Massachusetts' Ayanna Pressley Is Set To Likely Become The State's First Black Congresswoman
After clenching a victory on Tuesday evening in the Democratic primary, Massachusetts' Ayanna Pressley will probably be the first black congresswoman in the state's history. She will be running unopposed in the November election, as there is no Republican opponent in the race. Though Pressley has been defined as an underdog throughout her campaign, her slogan worked to define the sense of momentum and urgency that boosted her to victory: "Change can't wait."
Pressley's victory isn't just shocking in the sense of what it will mean for better and more diverse representation within the state's legislature: it's also just plain impressive that Pressley was able to unseat opponent and incumbent Rep. Michael Capuano, who was a 10-term congressman.
Pressley has defined her campaign in a similar fashion to fellow progressives Alexandria Ocasio-Cortez and Stacey Abrams, all of whom are liberal women looking to stand against the Trump administration.
In one of her campaign videos, Pressley says, "Every generation has a chance...to push back against hate, to defy expectations. Now, what's happening in Washington right now is meant to divide us and to make us feel small. But now is not the time to play small."
Though Pressley has not yet commented on her historic win, her fellow politicians have. Ocasio-Cortez tweeted to Pressley, "Congratulations to my sister in service,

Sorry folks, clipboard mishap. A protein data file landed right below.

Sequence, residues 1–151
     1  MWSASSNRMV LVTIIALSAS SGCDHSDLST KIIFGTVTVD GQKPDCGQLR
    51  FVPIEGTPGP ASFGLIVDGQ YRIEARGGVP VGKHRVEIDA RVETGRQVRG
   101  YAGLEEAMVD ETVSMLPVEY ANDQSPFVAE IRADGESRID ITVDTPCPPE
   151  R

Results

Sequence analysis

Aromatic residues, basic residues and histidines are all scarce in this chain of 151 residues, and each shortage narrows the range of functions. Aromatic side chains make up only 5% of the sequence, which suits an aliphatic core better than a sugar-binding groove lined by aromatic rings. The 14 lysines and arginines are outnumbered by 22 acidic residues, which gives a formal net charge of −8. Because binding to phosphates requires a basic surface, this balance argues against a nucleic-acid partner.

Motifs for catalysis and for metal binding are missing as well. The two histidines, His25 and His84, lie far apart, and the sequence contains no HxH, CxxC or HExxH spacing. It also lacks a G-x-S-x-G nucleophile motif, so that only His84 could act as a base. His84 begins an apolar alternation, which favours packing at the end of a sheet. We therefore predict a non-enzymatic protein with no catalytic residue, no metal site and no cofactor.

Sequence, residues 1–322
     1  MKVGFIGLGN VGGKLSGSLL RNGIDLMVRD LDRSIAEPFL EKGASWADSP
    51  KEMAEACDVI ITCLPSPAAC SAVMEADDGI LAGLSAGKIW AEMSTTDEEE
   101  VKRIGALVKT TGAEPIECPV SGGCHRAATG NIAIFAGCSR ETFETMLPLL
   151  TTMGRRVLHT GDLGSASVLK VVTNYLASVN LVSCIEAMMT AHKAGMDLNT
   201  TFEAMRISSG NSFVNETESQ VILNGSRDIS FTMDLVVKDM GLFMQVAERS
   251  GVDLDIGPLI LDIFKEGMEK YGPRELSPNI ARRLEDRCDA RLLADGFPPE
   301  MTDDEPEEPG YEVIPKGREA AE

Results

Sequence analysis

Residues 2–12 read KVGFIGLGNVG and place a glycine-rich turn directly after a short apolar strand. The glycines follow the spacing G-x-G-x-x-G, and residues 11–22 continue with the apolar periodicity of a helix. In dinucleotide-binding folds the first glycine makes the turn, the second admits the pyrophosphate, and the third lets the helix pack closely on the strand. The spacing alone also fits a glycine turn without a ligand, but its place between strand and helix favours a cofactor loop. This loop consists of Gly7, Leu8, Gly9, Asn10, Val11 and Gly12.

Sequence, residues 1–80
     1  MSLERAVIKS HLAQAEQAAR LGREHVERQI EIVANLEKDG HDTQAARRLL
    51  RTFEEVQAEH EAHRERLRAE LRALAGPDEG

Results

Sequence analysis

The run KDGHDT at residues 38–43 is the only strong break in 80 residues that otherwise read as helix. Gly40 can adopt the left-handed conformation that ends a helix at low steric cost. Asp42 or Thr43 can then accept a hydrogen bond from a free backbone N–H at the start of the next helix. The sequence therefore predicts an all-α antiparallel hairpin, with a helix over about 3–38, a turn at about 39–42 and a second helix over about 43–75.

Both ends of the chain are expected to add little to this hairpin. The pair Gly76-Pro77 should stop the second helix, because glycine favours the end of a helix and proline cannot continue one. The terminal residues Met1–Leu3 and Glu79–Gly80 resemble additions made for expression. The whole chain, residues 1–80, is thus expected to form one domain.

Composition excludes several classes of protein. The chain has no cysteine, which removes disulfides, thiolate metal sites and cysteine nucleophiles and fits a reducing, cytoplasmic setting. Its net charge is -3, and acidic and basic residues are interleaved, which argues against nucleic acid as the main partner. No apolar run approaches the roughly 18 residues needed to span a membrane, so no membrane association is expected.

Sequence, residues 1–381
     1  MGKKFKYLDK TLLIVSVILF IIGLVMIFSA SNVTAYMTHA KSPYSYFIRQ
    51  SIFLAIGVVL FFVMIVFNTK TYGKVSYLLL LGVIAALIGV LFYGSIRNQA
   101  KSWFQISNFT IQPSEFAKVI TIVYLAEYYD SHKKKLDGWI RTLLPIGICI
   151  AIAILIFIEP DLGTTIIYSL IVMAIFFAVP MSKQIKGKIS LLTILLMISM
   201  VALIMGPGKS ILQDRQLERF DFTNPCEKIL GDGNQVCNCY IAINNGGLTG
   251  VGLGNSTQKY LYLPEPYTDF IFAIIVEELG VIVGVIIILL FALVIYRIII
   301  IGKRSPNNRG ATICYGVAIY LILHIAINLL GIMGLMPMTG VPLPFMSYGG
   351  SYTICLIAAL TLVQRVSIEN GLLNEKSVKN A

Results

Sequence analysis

@AyannaPressley, on continuing her historic path into Congress tonight. Let’s push together to make Medicare for All, tuition free college, & living wages a reality in America - all without corporate PAC money."
Pressley isn't exactly new to breaking barriers. She was also the first woman of color to be elected to the Boston City Council in 2009. Per Fox News, Capuano is the fourth House member to lose a primary this year: others included Rep. Robert Pittenger of North Carolina, Rep. Mark Sanford of South Carolina, and another 10-term representative, Joe Crowley of New York, who lost to Ocasio-Cortez.
Pressley and Ocasio-Cortez have a lot of similarities, but they also have one stark difference: while Ocasio-Cortez is a political newcomer, Pressley is a seasoned politician. Via Fox News, Pressley previously served as John Kerry's political director when he was a U.S. senator, and has served on city council for nine years. Pressley even managed to secure an endorsement from the Boston Globe in late August, bolstering her support in the final days leading up to the primary.
The editors wrote,
"Pressley...has rare political talents, combining personal charisma with a shrewd understanding of how to translate values into policy. Her creative approach to reducing inequality is the mindset the district needs. Stretching from Randolph to Somerville, the Seventh District includes some of the neediest corners of Massachusetts most affected by racial disparities...But Pressley is a proven advocate with an understanding of the needs of the district, and she would be a fresh voice in Congress. Pressley represents the present of the Seventh District and the future of the Democratic Party."
According to USA Today, Pressley has cited the need for a movement to defeat the vitriol coming from the Trump administration. She said, "The hate that is coming out of this White House will not be defeated by a reliable vote on the floor of Congress. The hate coming out of this White House will be defeated by a movement and by a coalition."